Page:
via Samsung (PDF)
★ Apple is Developing a Dedicated AI Chip (May 26, 2017)
HP Laptops with Conexant Secretly Maintain Log of Keystrokes (May 12, 2017)
Intel had a pretty good quarter for the most part, expanding margins as several of its divisions performed better off the back of rising prices and lower unit costs. The only division that didn’t grow was the security division (home of McAfee), which Intel has already announced it intends to spin off. Client Computing, home of Intel’s traditional PC business but also newer areas like tablets, phones, modems and so on, grew by 6%, though in large part because of rising prices (up 7% year on year) rather than volumes (down 4% year on year). The trend in Data Center, which makes up a little under a third of revenue, was similar, with volumes down 1% but prices up 6%, driving overall growth, though at a slower rate than in the past, and its margins have also fallen recently as it invests in new processes which should pay dividends over the longer term. Intel’s non-volatile memory group benefited from the release of Intel’s new Optane memory products, which have contributed to very rapid growth, but which has also plunged that division into the red because of heavy investment in the new processes and technology. IoT is also growing at a decent clip, though it’s much smaller than the two big divisions. One other division is Intel’s Programmable Systems Group, which was formed when it acquired Altera, which made filed-programmable gate array (FPGA) technology. That’s growing at a decent clip and is also now profitable, which is good progress from when the acquisition closed. Overall, Intel’s two main businesses are performing well for it at the moment, though the fact that it’s having to invest heavily to remain competitive in several key areas has held margins down below where they might be.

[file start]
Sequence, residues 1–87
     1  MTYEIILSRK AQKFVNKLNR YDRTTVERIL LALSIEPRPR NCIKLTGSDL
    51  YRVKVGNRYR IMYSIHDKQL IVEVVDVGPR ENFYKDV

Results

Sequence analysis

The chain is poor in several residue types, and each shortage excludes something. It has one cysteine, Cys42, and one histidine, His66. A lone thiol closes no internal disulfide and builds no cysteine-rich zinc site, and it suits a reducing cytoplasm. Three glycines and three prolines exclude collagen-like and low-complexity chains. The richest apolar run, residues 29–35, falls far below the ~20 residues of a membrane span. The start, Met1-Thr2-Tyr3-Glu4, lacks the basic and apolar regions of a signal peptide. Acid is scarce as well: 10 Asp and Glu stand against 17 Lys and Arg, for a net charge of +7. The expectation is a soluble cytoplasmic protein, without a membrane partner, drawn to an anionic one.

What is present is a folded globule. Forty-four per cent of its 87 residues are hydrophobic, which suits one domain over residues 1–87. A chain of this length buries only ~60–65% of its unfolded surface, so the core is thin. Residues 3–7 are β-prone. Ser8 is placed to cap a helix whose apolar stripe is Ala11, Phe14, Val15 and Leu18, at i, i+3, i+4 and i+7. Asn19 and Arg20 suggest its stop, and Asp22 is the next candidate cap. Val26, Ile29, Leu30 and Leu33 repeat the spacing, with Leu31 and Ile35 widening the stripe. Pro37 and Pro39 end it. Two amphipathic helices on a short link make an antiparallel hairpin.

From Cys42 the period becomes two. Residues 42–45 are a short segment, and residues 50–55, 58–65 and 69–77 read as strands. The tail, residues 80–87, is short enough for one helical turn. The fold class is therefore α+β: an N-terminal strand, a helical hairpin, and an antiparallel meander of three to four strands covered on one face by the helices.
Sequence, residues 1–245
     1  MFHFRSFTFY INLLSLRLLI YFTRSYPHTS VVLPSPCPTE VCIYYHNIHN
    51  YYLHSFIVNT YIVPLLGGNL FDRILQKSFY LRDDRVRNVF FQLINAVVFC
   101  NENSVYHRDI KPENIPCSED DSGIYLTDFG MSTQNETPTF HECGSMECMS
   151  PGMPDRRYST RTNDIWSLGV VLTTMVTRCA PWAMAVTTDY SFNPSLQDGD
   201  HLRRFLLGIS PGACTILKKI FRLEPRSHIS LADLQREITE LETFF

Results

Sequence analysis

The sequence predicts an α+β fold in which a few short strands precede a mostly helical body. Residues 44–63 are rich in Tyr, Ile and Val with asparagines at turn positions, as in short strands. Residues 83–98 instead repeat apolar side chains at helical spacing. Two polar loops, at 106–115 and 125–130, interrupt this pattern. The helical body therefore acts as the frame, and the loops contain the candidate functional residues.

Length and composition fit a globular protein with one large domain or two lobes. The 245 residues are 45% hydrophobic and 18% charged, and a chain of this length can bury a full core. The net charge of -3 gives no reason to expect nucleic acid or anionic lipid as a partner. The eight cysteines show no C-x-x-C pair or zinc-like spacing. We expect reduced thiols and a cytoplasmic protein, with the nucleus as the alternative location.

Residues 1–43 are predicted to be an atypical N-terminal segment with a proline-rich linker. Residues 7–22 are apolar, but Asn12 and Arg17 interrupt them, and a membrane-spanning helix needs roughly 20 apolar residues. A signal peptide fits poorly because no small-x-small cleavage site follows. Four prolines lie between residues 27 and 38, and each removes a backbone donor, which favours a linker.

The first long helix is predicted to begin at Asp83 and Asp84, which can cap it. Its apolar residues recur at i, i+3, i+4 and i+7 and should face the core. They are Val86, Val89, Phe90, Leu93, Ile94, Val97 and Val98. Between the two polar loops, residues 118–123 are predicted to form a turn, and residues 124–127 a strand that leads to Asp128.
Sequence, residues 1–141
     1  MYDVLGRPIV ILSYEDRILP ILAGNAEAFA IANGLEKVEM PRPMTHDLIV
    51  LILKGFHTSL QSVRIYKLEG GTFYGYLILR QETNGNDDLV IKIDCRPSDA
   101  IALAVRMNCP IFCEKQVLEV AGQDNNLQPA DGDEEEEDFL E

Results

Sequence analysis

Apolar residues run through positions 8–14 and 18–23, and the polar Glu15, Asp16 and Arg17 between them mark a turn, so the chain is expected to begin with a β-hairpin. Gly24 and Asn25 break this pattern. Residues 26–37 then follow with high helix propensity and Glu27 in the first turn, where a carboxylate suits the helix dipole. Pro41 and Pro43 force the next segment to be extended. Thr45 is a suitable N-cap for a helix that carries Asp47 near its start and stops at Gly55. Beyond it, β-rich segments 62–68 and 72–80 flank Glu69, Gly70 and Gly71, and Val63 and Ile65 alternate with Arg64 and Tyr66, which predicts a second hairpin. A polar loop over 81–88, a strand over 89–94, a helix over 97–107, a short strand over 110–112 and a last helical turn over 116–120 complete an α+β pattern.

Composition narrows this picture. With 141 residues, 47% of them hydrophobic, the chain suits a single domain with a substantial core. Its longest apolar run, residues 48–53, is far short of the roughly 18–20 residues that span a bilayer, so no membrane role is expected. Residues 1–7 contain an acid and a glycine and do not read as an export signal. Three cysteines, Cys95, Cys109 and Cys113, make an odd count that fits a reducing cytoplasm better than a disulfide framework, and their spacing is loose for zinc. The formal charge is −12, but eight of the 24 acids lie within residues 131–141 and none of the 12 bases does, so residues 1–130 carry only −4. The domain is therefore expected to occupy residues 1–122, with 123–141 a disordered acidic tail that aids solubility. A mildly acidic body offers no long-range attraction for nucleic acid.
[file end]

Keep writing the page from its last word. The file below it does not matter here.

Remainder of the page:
via Intel (PDF)
KGI Reports High-End 2017 iPhone Production May Be Delayed (Apr 24, 2017)
Why The LG G6 Won’t Have Snapdragon 835 – Forbes (Jan 24, 2017)
This is sourced reporting from a Forbes contributor who (as far as I am aware) doesn’t have a long track record in scooping news like this, so take it with a pinch of salt. But on the face of it, this makes sense – Qualcomm’s 835 chip is brand new, and Samsung would logically need bucketloads of them for its next Galaxy S phones, potentially gobbling up all the supply available and squeezing other OEMs out in the short term. Apple is famous for securing long-term access to the components it needs and squeezing others out in this way, and given the timing and Samsung’s scale in smartphones, it makes sense that it would be able to secure all the available supply of 835 chips on a short-term basis too. That’s going to be tough for other OEMs launching handsets in the first half of 2016 – even though the article downplays the jump from the 821 to the 835, there are some significant additions in the new chip which will create better performance in areas like battery life, VR/AR, and so on.